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Since the collapse of the Berlin Wall 20 years ago, many former
communist countries of Central and Eastern Europe have distanced
themselves from Russia with a series of military, political and
economic reforms. But Russia itself is still struggling to lead an
effective military alliance, to modernize its resource-driven economy,
and to liberalize its authoritarian political system.
collapse of the Berlin Wall on November 9, 1989 signaled not only the
end of communism in Europe, but also of Moscow's control of the former
Eastern Bloc. Several nations in the region have since entered the
European Union and traded their membership in the Soviet-led Warsaw
Pact for NATO. Independent Russian military analyst Alexander
Konovalov says new NATO members sought protection against Moscow.
says the Soviet Union imposed its political will many times, and
although they would never openly admit it, the main reason those
countries joined NATO is historic fear of Russia and the Soviet Union
as powers that could impose something they do not want.
has sought to organize a new defense alliance, the Collective Security
Treaty Organization, which includes five other former Soviet
republics. But in moves widely seen as snubs against Moscow, Belarus
boycotted an alliance summit in June and Uzbekistan has refused to sign
a key agreement on a rapid reaction force. Konovalov says Russia has
also lost the initiative in another security group, the Shanghai
Cooperation Organization, or SCO.
Konovalov says many countries
are seeking to join the SCO and they are currently being granted
observer status, but the organization is not successful because it was
organized by Russia, but because China is a member. He notes that SCO
is an Asian, not Soviet organization.
Konovalov says the
collapse of the Berlin Wall exposed Russia to market forces and
revealed that its Soviet-era command economy was not competitive.
Today, Russian leaders frequently talk about economic diversification,
but the country continues to import the majority of its finished
products and to export mostly oil, gas and other natural resources.
This makes Russia heavily dependent on global price fluctuations. The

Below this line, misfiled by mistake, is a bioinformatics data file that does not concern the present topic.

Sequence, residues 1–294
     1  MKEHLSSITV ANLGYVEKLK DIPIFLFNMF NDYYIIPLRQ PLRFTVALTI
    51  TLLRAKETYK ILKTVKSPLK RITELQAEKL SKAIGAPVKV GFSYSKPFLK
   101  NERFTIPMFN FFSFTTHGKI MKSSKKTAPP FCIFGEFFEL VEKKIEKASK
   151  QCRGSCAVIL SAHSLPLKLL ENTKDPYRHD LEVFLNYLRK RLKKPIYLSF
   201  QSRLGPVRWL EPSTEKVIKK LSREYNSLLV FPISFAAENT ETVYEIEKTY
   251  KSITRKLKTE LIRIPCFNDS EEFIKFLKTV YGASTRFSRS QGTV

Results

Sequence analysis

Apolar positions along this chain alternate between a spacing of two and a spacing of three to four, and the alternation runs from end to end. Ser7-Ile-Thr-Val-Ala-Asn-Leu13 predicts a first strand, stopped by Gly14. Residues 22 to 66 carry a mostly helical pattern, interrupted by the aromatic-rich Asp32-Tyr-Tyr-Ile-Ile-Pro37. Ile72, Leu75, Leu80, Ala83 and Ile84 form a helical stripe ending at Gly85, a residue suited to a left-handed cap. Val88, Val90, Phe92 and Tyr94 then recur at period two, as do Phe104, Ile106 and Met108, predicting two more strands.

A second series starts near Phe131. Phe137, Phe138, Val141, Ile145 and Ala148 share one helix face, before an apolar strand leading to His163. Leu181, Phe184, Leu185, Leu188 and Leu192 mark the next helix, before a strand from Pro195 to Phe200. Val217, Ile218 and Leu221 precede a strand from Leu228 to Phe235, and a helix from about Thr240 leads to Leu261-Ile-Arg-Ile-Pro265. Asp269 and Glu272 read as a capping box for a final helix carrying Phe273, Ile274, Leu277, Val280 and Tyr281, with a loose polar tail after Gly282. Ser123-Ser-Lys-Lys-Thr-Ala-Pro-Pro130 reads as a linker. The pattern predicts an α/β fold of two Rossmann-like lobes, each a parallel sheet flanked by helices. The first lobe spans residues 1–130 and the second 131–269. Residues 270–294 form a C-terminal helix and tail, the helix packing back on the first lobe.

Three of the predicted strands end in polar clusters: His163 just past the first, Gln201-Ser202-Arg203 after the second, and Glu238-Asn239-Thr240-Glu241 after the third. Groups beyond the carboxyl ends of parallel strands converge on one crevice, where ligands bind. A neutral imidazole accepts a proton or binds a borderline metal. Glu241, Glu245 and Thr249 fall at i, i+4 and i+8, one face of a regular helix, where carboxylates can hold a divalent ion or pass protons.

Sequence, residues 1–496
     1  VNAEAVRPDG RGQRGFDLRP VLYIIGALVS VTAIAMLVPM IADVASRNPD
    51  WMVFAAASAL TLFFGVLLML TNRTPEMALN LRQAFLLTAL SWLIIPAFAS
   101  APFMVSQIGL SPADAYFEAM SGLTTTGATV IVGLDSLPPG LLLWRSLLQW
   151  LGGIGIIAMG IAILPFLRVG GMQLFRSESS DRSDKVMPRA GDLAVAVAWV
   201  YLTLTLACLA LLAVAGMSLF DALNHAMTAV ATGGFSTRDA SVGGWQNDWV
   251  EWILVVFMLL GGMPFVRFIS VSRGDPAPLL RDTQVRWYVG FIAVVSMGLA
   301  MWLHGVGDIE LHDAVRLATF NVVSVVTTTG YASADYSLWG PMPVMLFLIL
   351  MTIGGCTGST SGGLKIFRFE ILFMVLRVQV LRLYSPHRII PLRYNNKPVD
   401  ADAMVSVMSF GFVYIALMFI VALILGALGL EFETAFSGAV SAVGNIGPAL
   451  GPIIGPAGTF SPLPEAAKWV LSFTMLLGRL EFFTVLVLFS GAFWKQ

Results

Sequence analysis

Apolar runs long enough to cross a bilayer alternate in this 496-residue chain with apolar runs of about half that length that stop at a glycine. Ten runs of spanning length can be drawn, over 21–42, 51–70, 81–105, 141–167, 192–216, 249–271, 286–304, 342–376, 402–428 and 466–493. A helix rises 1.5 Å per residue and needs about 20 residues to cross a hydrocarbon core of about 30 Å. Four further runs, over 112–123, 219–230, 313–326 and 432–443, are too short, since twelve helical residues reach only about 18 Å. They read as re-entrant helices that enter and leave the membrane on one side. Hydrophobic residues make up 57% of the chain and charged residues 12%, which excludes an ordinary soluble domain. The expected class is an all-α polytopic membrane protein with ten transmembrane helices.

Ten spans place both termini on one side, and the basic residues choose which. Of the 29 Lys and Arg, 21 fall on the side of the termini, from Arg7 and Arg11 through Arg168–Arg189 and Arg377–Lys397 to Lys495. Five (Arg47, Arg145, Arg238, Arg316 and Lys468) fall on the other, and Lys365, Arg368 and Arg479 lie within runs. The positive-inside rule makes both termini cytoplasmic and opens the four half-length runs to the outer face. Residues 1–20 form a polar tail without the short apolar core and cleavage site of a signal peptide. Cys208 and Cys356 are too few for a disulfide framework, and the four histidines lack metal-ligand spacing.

RIA Novosti News Agency quotes Finance Minister Alexei Kudrin as saying
the value of Russian exports would drop by $190 billion this year due
to reduced worldwide demand.
The President of Moscow's New
Eurasia Foundation, Andrei Kortunov, says the abundance of natural
resources in Russia means there is little incentive for economic
reforms. He says Russia also lacks another incentive that provided a
big boost to former Soviet satellite countries.
"They wanted to
join the European Union, and that was the key factor that defined their
economic transformation policies," said Kortunov. "Russia doesn't have
such incentive. Russia is not likely to join the European Union
anytime soon. Therefore, there is no supergoal that Russia might
Kortunov says the Soviet-era social contract between
ordinary Russians and the state continues by inertia. That contract,
he says, presumes many ordinary Russians still expect the state to be
responsible for their well-being.
"Under Mr. Putin, we had a
restoration of the old social contract," he said. "On the one hand, the
state provides citizens with growing real incomes, and at the same
time, citizens - the population - are ready to provide their political
loyalty to the state."
This inertia, says Kortunov, prevents
many Russians from seeing the connection between their economic
interests and the liberty to pursue them on their own.
Lipman at the Moscow Carnegie Center agrees, but notes Russia has made
considerable progress since the demise of the Soviet Union.
freedom of travel, there is a freedom to engage in entrepreneurship -
if we compare this to the USSR, where private property and drawing
profits were a crime," said Lipman. "This is a huge, huge difference,
and for many people this opens new avenues to fulfill themselves. Not
without limitations, not without reservations, but still a huge
Lipman says some older Russians have nostalgia for
the superpower status they enjoyed under the Soviet Union. As for the
young, she says they have difficulty imagining the constraints of life
in the totalitarian Soviet police state.
"It is indeed very hard
to imagine, unless you lived in those days, how your very natural
things were denied to you, like playing the music that you like, dress
the way you like, enjoy yourself the way you like as a young person,"
Lipman says Russia today is a country in search of an
identity; an identity that collapsed along with the Berlin Wall. She
adds that many Russians have mixed feelings about that historic day,
which Eastern Europeans used to revive their status as independent
nations. Russians, however, appear torn between their Soviet and
Czarist past; between communism and capitalism, and also between
authoritarian and democratic rule.